Science commentary highlights need for collaboration at local level in international HIV-prevention prophylaxis studies

29, 2005
John Watson

Clinical trials of drugs intended to prevent HIV infection in high-risk populations must be developed and carried out in close collaboration with the local communities and national governments of the countries in which they are conducted, according to 18 international leaders in HIV prevention writing in the current (Sept. 30, 2005) issue of Science.

Oral, daily use of the antiretroviral drug tenofovir is considered a key potential strategy for preventing infection of HIV. Clinical trials of the drug are in progress or proposed in numerous countries, including the U.S.

The co-authors advocate early involvement of community leaders and local investigators in the development of HIV-prophylaxis clinical trials, clear communication of research information, and the involvement of the local leaders and investigators in the development of local prevention and treatment infrastructures.

All too often, they note, studies in the last several years were marked by misinformation and miscommunication between these key constituencies. The commentary outlines key issues involved, pointing out that, in those cases, questions about how the research should be carried out proved to be more controversial than the idea of the clinical trial itself.

“These recommended measures will help to build the type of local community trust that is the basis of successful research to find ways to stop the spread of HIV/AIDS,” says lead author Robert Grant, MD, MPH, an associate investigator at the Gladstone Institute of Virology and Immunology and associate professor of medicine at the University of California, San Francisco (UCSF). “HIV pre-exposure chemoprophylaxis research is built on partnerships between sponsors, investigators, communities and governments.”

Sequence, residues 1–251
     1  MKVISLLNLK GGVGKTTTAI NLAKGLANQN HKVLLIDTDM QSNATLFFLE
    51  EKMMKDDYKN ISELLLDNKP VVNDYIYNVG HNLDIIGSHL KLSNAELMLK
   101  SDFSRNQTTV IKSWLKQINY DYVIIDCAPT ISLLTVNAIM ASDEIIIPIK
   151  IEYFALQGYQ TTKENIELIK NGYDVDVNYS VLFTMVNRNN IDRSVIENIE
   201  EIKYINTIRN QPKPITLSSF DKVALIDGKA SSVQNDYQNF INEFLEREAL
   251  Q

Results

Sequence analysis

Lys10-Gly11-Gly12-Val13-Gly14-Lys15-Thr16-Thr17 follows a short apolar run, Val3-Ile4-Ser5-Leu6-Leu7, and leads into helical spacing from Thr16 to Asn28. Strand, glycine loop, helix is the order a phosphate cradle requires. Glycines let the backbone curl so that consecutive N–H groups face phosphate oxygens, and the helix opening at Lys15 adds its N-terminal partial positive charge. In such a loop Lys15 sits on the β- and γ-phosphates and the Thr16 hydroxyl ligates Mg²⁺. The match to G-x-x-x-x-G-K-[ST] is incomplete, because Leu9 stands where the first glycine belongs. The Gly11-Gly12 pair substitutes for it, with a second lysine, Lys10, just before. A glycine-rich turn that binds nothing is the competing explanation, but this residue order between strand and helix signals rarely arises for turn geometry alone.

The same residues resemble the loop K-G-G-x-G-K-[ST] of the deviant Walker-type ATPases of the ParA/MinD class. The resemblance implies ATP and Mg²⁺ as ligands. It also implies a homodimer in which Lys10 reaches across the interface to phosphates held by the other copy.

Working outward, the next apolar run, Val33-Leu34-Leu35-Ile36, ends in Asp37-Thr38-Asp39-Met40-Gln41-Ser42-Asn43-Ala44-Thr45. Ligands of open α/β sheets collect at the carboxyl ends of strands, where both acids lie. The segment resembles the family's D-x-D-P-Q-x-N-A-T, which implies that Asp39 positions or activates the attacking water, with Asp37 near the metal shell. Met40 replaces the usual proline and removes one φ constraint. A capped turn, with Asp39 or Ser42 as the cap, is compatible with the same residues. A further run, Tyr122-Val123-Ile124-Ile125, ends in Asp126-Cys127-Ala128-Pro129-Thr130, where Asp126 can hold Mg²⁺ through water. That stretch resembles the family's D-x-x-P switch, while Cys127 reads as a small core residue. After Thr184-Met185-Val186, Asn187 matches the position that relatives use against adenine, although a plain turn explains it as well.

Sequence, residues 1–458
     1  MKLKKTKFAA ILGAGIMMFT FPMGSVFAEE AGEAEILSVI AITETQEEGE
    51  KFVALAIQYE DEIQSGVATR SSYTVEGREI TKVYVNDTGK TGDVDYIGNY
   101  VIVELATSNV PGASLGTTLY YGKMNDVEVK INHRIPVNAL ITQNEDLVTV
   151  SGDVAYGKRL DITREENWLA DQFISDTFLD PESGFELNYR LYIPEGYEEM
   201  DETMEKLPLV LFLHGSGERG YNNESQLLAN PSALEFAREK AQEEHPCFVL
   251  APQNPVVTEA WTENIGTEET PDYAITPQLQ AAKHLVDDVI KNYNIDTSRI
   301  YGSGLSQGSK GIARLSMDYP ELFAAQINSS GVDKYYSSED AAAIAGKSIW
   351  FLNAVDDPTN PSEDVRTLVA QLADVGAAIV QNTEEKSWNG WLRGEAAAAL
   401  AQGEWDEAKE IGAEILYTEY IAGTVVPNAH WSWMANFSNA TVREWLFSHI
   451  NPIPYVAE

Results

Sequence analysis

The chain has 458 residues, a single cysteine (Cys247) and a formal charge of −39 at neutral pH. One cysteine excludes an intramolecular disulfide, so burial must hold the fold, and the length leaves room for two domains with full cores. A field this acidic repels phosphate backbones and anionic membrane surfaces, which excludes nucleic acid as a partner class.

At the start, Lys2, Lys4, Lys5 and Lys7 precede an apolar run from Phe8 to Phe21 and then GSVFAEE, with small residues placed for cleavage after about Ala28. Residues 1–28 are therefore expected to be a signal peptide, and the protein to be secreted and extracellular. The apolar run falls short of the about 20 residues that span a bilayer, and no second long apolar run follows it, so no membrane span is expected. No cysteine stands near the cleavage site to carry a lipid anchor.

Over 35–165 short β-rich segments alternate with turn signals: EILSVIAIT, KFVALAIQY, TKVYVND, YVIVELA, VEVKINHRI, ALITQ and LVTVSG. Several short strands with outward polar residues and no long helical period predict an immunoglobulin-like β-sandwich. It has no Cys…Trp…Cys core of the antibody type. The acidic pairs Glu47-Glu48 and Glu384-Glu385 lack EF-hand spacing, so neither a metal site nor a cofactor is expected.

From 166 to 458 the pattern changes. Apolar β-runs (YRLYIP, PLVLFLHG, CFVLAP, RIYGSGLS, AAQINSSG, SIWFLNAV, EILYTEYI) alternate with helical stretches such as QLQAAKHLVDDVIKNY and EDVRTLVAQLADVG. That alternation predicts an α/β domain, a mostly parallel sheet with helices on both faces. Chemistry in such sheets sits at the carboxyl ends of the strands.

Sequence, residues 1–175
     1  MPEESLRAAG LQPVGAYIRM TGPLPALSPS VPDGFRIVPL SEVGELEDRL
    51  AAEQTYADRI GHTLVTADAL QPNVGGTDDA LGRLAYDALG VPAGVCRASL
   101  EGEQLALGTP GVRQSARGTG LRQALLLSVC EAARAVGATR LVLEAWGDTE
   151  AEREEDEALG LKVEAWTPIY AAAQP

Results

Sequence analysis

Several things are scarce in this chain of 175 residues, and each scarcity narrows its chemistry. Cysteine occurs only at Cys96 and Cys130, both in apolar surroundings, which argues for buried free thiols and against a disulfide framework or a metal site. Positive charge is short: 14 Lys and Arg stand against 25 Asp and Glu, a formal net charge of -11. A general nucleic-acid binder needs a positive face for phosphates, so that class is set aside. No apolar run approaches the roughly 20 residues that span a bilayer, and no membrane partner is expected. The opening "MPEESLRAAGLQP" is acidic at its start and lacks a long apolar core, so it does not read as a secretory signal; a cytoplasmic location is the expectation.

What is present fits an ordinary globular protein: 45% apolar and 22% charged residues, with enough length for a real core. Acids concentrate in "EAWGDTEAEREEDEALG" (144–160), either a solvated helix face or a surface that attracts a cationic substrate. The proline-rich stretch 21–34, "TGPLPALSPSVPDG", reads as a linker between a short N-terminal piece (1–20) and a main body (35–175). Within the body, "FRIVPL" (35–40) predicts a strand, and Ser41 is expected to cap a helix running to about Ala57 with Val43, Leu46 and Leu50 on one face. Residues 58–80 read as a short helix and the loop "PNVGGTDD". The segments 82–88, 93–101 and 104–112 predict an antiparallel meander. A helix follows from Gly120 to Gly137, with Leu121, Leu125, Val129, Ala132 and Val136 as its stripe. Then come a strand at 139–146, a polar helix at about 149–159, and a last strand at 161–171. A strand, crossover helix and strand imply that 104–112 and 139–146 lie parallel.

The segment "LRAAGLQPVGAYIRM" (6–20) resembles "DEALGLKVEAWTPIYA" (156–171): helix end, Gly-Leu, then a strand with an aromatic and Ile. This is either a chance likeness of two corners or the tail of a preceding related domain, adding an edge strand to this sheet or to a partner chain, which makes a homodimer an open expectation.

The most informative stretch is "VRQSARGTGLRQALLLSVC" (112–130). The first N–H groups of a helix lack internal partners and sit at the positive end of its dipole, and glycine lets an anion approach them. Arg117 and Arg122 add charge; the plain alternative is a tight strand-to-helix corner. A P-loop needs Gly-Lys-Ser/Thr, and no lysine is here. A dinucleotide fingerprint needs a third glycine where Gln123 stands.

The commentary is titled “Promote HIV Chemoprophylaxis Research, Don’t Prevent It.” The authors are affiliated with such institutions as the AIDS Research Consortium of Atlanta, the Peruvian-based Associacion Impacta Salud y Educacion and Red Peruana de Mujeres que Viven con VIH/Sida, Cornell University, New York, Family Health International, Research Triangle Park, North Carolina, the New York-based Gay Men’s Health Crisis and the Treatment Action Group, the Ghana Health Service, the McGill University AIDS Center, Montreal, the San Francisco Department of Public Health, UCLA, UCSF, and the University of North Carolina, Chapel Hill.

UCSF is a leading university that consistently defines health care worldwide by conducting advanced biomedical research, educating graduate students in health care, and providing complex patient care.

The Gladstone Institute of Virology and Immunology is one of three research institutes of The J. David Gladstone Institutes, an independent, nonprofit biomedical research institution affiliated with UCSF. For further information, visit

This news release has been modified for the Web site